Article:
Wisdom is like electricity. There is no permanently wise man but men capable of wisdom who being put into certain company or other favorable conditions become wise for a short time as glasses rubbed acquire electric power for a while.

Let us be poised and wise and our own today.

Life is a festival only to the wise.

There is a time when a man distinguishes the idea of felicity from the idea of wealth; it is the beginning of wisdom.

There is no beautifier of complexion or form of behavior like the wish to scatter joy and not pain around us.

Beware what you set your heart upon. For it shall surely be yours.

Wit makes its own welcome and levels all distinctions. No dignity no learning no force of character can make any stand against good wit.
 
A man's wife has more power over him than the state has.

Slavery it is that makes slavery; freedom. The slavery of women happened when the men were slaves of kings.

Men love to wonder and that is the seed of our science.

It makes a great difference in the force of a sentence whether a man be behind it or no.
  
Words are alive; cut them and they bleed.

See only that thou work and thou canst not escape the reward.

We must hold a man amenable to reason for the choice of his daily craft or profession. It is not an excuse any longer for his deeds that they are the custom of his trade. What business has he with an evil trade?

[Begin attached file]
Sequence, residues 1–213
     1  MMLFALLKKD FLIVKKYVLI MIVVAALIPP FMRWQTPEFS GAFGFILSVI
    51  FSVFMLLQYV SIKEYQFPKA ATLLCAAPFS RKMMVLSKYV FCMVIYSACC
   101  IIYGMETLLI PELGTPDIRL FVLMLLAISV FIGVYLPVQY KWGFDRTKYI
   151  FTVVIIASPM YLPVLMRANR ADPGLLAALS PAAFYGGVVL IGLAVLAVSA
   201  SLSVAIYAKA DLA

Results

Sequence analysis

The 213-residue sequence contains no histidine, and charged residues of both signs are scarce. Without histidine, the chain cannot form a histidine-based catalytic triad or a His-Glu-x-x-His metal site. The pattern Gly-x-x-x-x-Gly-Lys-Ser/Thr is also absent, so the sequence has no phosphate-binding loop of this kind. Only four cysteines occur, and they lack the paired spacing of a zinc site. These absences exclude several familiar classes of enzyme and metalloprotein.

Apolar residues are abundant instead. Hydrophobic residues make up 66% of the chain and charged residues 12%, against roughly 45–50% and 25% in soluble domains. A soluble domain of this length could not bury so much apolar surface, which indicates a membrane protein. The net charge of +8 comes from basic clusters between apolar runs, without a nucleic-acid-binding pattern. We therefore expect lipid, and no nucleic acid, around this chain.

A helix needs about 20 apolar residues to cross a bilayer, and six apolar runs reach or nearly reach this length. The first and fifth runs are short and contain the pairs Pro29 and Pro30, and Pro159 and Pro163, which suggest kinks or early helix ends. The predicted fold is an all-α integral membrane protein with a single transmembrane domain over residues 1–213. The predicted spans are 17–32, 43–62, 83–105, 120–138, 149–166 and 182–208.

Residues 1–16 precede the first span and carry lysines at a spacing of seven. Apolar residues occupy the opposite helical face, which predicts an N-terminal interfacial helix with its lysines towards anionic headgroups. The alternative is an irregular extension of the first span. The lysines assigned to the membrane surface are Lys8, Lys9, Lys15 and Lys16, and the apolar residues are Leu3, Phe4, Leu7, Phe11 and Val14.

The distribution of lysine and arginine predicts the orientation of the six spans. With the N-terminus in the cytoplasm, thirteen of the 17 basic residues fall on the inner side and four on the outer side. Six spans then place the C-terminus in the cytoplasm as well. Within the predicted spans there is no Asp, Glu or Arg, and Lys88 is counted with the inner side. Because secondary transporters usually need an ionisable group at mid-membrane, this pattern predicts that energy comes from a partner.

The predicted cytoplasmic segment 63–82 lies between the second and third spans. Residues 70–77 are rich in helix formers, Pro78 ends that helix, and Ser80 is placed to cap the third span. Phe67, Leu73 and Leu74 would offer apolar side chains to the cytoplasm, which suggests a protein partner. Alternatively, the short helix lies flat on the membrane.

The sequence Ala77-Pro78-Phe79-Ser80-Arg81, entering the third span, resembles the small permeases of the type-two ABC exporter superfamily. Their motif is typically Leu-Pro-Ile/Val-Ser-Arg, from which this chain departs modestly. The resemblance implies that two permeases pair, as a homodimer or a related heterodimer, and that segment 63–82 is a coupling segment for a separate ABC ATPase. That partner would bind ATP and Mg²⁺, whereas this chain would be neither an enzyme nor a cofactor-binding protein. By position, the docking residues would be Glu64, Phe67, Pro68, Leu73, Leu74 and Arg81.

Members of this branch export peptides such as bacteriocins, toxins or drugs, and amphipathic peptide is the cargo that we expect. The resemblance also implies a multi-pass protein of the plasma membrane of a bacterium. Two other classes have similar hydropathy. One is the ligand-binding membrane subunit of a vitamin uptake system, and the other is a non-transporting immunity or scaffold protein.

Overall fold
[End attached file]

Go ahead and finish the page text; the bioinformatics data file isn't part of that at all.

Work and thou canst escape the reward; whether the work be fine or course planting corn or writing epics so Only it be honest work done to thine own approbation it shall earn a reward to the senses as well as to the thought.

The mark of the man of the world is absence of pretension. He does not make a speech; he takes a low business-tone avoids all brag is nobody dresses plainly promises not at all performs much speaks in monosyllables hugs his fact. He calls his employment by its lowest name and so takes from evil tongues their sharpest weapon. His conversation clings to the weather and the news yet he allows himself to be surprised into thought and the unlocking of his learning and philosophy.
On worry

Little minds have little worries big minds have no time for worries.








Sculpture this and Sculpture that


The Art Critic



GOOD WORDS TO HAVE………………..

Spontaneous \spahn-TAY-nee-us\ 1: done, said, or produced freely and naturally 2: arising from a momentary impulse. Spontaneous derives, via the Late Latin spontaneus, from the Latin sponte, meaning "of one's free will, voluntarily," and first appeared in English in the mid-17th century. 


MY BOOKS ON SALE NOW AT AMAZON.COM AND ALL BARNES AND NOBLE STORES







































































Excerpt from my book "When Capone’s Mob Murdered Touhy.” 









Roger and his sister in 1959


Roger and his prison warden















Paul Ricca, the Chicago mob boss who probably ordered Tuohy's killing


Roger in 1933
John Factor who kidnapped himself and blamed it on Touhy 

Touhy's right hand man, Basil Banghart










FBI Agent Melvin Purvis who worked on the Touhy kidnapping place

The basement where Touhy's killer hid out


Touhy being returned to prison in 1954 


Zangara, the killer hired by the Outfit to kill Mayor Cermak











Mayor Anton Cermak

One of Touhy's sons, Roger jr.


Roger dead


The Touhy Brothers








The Touhy gangs  top  union hood "Chicken" McFadden  




Touhy (far left) and his boys n their way to prison


Tuohy's nephew, Judge Alesia



Tubbo Gilbert, the worlds richest cop


Ray Brennan, co-author of Touhy's book